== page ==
Gravity and Gravitation (Encyclopedia of Science)
Gravity is the force of attraction between any two objects in the universe. That force depends on two factors: the mass of each object and the distance between them.
The story behind English physicist Isaac Newton's (1642727) discovery of the gravitational force is one of the most fascinating in all of science. It begins in ancient Greece in the period from the sixth to the third century B.C. During that time, a number of Greek philosophers attempted to explain common observations from the natural worlduch as the fact that most objects fall to the ground if they are not held up in some way.
Aristotle. Among the explanations developed for this tendency was one offered by Greek philosopher Aristotle (38422 B.C.). Aristotle developed a grand scheme of natural philosophy stating that all objects "belonged" in one place or another. Heat belonged in the atmosphere because it originally came from the Sun (as Aristotle taught). For that reason, heat rises. Objects fall toward Earth's surface, Aristotle said, because that's where "earthy" objects belong. Aristotle's philosophy was an attempt to explain why objects fall.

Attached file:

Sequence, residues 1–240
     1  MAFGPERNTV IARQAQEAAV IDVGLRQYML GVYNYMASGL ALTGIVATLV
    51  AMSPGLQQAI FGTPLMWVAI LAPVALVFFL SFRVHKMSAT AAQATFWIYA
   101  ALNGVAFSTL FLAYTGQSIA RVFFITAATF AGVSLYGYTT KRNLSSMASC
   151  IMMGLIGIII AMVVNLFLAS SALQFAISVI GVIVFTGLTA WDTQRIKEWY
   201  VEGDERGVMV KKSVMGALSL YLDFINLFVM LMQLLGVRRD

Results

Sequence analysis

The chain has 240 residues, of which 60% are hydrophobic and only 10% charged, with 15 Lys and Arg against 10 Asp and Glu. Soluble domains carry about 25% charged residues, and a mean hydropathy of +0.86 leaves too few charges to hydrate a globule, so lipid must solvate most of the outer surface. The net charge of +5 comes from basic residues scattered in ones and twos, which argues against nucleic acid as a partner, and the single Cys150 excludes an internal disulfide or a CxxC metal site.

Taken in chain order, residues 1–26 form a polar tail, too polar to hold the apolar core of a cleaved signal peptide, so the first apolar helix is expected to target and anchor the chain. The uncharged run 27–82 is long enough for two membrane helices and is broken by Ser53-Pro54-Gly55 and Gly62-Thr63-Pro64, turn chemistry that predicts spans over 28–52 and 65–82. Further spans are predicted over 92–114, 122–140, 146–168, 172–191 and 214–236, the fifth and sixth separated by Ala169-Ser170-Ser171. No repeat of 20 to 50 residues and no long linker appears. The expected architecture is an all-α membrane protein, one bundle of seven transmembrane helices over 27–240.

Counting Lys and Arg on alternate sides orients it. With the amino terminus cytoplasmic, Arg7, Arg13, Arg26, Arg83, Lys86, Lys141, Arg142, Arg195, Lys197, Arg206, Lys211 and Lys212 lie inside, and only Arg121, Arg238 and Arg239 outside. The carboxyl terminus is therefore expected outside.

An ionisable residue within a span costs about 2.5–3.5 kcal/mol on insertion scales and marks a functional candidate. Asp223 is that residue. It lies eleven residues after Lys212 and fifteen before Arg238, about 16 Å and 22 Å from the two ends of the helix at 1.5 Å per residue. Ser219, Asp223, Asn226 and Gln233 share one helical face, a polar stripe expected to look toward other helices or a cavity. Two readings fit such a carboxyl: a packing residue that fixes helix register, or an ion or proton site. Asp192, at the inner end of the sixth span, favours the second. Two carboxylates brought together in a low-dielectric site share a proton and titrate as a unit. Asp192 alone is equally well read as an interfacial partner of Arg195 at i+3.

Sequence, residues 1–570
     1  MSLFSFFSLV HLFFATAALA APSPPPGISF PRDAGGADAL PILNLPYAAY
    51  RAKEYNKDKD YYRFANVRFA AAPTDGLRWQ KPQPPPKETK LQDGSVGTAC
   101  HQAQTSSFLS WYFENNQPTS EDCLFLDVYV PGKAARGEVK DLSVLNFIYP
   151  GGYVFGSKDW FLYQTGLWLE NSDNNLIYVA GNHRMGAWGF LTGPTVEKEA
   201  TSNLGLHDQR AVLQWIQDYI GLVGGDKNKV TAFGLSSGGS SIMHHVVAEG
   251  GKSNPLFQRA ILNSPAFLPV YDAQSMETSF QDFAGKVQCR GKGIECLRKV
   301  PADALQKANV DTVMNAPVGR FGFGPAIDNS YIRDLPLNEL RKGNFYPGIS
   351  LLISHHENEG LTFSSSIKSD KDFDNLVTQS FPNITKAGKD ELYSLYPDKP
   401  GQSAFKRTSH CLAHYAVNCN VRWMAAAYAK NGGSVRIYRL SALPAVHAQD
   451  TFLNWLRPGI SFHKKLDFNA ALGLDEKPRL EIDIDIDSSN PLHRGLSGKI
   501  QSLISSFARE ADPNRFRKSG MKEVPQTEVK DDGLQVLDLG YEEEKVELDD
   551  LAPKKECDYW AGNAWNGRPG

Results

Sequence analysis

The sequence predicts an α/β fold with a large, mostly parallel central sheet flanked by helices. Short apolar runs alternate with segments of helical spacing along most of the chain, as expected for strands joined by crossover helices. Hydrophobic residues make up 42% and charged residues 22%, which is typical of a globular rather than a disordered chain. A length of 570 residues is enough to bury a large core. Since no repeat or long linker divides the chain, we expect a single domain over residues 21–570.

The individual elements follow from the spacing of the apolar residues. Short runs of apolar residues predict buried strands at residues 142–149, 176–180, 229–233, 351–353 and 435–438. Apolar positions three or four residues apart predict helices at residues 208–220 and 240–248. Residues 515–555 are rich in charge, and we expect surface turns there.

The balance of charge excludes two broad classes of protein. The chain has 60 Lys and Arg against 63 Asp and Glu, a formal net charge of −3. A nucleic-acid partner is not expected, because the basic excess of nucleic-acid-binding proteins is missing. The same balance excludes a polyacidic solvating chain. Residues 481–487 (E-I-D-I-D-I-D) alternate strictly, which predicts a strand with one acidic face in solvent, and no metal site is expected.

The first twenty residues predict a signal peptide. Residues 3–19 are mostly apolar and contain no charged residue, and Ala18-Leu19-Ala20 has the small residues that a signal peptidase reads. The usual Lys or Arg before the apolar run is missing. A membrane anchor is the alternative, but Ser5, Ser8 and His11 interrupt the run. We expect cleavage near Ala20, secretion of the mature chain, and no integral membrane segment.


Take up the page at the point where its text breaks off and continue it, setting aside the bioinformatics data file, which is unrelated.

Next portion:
Galileo and Newton. Aristotle's philosophy dominated the thinking of European scholars for nearly 2,000 years. Then, in the sixteenth century, Italian physicist Galileo Galilei...
(The entire section is 1550 words.)
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